“He’s a happy chappie, ain’t he?” said one of the couriers, jolting Nicholas back to the present. He realised he was shivering in his shirt sleeves.

“You’re late,” Nicholas snapped. “You should have been here two hours ago.” The couriers shot each other a look and started to wheel the carefully strapped statue up the ramp into the Royal Museum.

The London sunshine was weak, filtered by layers of cloud—nothing like the fierce sunshine of Greece, but it was welcome after centuries of darkness. One foot in front of the other, the statue entered its new home.

Nicholas led the way through the confusing passages of the museum, his quick steps sharply defined on the hard floors, until they reached the main gallery. In a small, dark room, off to one side, waited an empty plinth.

“Just here, please,” he said. His hands played nervously with his tie clip as he watched the couriers jack the statue to the right level, then painstakingly inch it on to the plinth. Nicholas’ thin frame, a picture of nervous energy, provided a contrast to the solid musculature of the limestone man who stared calmly over his head.

“Zakynthos Kouros,” read one of the men after they had finished. “Is that his name, then?”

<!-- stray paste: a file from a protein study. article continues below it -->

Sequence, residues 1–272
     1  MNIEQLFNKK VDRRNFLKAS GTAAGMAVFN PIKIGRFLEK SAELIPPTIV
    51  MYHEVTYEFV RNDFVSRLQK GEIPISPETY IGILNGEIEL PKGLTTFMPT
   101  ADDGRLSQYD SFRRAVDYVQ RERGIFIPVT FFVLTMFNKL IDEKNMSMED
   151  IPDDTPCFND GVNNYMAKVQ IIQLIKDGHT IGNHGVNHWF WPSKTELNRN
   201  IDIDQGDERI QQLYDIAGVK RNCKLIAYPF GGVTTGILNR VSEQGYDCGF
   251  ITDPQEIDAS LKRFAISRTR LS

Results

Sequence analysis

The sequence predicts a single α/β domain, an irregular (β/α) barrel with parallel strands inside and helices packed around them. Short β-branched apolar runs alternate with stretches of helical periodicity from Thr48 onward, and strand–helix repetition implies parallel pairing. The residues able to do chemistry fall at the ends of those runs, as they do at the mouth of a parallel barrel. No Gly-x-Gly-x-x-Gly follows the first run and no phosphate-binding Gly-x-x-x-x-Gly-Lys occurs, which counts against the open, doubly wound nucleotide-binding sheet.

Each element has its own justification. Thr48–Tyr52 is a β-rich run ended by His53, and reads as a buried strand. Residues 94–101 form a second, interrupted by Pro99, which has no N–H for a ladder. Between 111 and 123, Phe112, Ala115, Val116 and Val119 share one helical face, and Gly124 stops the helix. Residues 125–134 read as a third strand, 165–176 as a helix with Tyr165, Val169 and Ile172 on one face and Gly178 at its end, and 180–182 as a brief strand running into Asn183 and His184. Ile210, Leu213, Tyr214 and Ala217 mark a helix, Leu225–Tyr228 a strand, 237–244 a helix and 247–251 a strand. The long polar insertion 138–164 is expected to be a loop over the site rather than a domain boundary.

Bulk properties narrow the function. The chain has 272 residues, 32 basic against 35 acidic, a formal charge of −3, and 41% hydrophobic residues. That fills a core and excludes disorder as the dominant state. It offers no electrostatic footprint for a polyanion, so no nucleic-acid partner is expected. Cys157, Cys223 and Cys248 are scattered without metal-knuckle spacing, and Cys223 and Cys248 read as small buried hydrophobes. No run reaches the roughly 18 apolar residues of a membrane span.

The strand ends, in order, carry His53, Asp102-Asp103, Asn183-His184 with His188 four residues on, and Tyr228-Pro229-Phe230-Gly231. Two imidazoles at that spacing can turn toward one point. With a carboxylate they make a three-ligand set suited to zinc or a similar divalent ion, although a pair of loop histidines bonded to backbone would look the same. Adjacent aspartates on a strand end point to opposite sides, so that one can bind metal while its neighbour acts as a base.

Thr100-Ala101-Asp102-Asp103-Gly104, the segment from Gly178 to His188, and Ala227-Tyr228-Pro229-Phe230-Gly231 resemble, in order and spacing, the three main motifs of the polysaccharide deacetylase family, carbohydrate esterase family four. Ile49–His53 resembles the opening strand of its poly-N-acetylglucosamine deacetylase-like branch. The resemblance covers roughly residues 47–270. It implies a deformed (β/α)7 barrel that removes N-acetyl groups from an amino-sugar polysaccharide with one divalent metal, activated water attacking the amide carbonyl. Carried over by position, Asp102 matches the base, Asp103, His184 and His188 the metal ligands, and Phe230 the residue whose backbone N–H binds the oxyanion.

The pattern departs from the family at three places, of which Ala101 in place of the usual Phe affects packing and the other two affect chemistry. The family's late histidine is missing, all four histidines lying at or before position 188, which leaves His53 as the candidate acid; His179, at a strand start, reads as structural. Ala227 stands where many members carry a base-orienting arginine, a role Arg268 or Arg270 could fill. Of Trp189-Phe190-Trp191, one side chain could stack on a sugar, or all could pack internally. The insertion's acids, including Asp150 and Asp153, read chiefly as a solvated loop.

“It’s what it is known as,” conceded Nicholas, frowning at the inexactitude. “It is a kouros, a statue of a young man, and it is from Zakynthos. Hence, ‘the Zakynthos Kouros’.”

“Who’s it supposed to be?” asked the other courier.

“No one knows,” said Nicholas. “It was probably a grave monument for a young warrior.”

“Well cheerio, Zak,” said the first man, “Keep smiling!” The two men laughed as they wheeled their platform back out to the van. Nicholas winced. The kouros kept smiling.

The young man in whose memory the kouros had been carved had been dead for some time when the commission was finished. His family, rich and influential, had the brand-new statue installed on the highest point of the island. The warrior’s grieving mother visited often, his other relatives less so. They left small presents, libations, remembrances, but soon the visits stopped and the young warrior was forgotten. The kouros remained, however. Unperturbed by the years he continued smiling to himself until everyone had forgotten why he was there. It didn’t take many generations before the islanders started to believe that his perfect form, larger than life, must represent Zakynthos himself, the legendary founder of the island. The small presents and libations began again, this time accompanied by prayers and requests for blessings from the hero Zakynthos.